Equity Release Jargon Buster
An annuity converts a lump sum into income which is taxed.
Annual percentage rate – the APR includes important factors such as:
- the interest rate you must pay;
- how you repay the loan (length of loan agreement [or term], frequency and timing of instalment payments and amounts of each payment);
- certain fees associated with the loan; and
- certain compulsory insurance premiums (for example, payment protection insurance).
A commitment or administration fee usually payable to the lender to reserve the mortgage funds.
Insurance to cover the cost of repairing or rebuilding your home if it’s damaged or destroyed.
Early Repayment Charge (ERC)
A fee if you pay back your lifetime mortgage too soon. Some lenders will tie you in to an ERC for a fixed period, say 5 or 10 years. Others apply an ERC throughout the life of the mortgage. There is no ERC if the mortgage is paid back after you die or move into long term care.
A way in which you can benefit from the value of your home without having to move out – by borrowing on it or selling all or part of it for a lump sum.
Home reversion plan
You sell all or part of your home to a third party in return for regular income and/or cash lump sum and continue to live in your home for as long as you wish.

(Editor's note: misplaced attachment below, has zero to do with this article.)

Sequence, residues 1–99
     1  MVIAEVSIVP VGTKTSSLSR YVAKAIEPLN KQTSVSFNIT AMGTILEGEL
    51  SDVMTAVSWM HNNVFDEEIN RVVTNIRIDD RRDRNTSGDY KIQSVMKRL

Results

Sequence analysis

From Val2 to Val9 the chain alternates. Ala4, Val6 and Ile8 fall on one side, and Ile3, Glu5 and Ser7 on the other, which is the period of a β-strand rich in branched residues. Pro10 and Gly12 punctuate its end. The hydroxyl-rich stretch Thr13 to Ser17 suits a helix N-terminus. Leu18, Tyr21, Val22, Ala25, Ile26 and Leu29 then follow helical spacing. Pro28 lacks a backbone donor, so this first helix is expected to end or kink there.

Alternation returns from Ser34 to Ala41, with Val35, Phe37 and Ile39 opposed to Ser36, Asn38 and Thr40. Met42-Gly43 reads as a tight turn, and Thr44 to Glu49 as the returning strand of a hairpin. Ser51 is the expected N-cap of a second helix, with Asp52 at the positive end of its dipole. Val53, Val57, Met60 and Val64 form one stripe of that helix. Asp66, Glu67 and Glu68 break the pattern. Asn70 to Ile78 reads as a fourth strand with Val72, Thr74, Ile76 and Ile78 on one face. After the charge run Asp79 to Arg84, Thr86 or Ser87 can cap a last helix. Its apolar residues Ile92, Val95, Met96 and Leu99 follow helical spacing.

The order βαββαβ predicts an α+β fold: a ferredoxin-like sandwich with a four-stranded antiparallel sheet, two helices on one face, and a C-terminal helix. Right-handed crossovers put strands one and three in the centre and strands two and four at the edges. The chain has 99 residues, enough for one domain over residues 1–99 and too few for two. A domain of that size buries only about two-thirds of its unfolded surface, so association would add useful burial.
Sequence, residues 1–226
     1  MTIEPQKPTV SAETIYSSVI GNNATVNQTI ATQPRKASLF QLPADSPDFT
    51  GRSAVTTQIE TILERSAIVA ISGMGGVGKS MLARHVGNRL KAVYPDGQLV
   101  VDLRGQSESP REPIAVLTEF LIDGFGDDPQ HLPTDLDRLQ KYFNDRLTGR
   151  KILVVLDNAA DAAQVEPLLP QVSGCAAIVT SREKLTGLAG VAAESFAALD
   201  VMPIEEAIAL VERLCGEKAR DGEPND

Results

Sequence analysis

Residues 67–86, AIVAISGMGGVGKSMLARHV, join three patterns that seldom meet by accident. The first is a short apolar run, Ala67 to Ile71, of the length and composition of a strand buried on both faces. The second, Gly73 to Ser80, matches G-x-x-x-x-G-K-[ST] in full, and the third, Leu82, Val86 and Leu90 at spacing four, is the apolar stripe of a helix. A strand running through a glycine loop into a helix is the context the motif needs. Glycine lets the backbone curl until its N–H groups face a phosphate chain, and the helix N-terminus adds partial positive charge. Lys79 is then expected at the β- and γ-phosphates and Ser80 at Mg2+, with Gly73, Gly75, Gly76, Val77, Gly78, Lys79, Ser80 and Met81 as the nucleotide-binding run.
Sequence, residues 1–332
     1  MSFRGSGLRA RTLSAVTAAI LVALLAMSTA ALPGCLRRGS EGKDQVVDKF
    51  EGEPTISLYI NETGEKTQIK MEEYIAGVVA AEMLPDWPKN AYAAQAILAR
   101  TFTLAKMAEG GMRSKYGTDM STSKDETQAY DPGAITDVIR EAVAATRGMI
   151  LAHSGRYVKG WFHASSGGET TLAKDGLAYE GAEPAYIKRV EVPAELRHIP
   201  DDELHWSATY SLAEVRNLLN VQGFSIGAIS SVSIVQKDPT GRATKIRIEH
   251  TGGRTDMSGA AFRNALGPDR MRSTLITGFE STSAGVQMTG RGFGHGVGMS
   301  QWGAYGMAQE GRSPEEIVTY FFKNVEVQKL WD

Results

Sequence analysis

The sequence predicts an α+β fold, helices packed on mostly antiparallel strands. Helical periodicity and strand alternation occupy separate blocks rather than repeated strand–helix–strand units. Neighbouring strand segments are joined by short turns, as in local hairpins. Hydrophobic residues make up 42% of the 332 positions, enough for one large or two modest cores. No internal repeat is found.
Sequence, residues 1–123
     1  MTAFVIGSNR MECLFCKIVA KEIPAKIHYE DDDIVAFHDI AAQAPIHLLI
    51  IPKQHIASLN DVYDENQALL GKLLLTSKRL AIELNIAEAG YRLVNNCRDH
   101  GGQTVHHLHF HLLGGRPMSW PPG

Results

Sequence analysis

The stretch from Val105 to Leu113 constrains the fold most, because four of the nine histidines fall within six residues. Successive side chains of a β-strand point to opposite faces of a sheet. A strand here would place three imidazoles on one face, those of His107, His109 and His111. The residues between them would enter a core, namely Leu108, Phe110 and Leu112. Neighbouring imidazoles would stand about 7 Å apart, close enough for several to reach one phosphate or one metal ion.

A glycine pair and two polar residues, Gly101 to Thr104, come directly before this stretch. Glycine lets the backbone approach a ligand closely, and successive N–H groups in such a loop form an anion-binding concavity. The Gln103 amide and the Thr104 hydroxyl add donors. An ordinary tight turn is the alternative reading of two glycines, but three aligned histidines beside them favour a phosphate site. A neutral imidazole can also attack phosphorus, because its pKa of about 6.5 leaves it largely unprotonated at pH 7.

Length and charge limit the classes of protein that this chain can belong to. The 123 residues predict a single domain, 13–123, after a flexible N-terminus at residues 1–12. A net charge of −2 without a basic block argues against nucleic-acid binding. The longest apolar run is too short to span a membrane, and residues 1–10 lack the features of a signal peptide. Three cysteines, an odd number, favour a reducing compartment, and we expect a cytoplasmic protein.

You take out a loan on which you only pay the interest back each month. You do not pay off any of the capital. Instead, in a lifetime mortgage, the lender will be repaid by selling your home when you die or go into long-term care.
Important information for you, set out in a standard way set by the FCA, so you can compare service, product and costs. Make sure you read them!
A fee you pay to your solicitor for their services.
You take out a loan secured on your home, which is repaid by selling your home when you die or go into long-term care. There are several ways a Lifetime mortgage can be set up:
- Roll-up mortgage
You take out a loan as regular income or cash lump sum. The interest on the loan is rolled-up each month or year and added to the loan. This means you may end up owing more than the value of your home (i.e. more than you borrowed).
- Interest-only lifetime mortgage
You take out a loan on which you only pay some or all of the interest back each month. You do not pay off any of the capital. Instead, in a lifetime mortgage, the lender will be repaid by selling your home when you die or go into long-term care.
The lender sets aside an amount of money alongside your mortgage that you can ‘draw down’ when you need it. You won’t pay any interest on it until you draw the money out.
- Flexible lifetime mortgage
You may be able to repay some of the capital you have borrowed without any charges.
A loan secured on property.
The amount you owe the lender is more than the value of your home.
Secured means that if you do not keep up the payments on your loan, the lender can sell your home to get its money back.
A type of survey that tells the lender or provider how much your property is worth.
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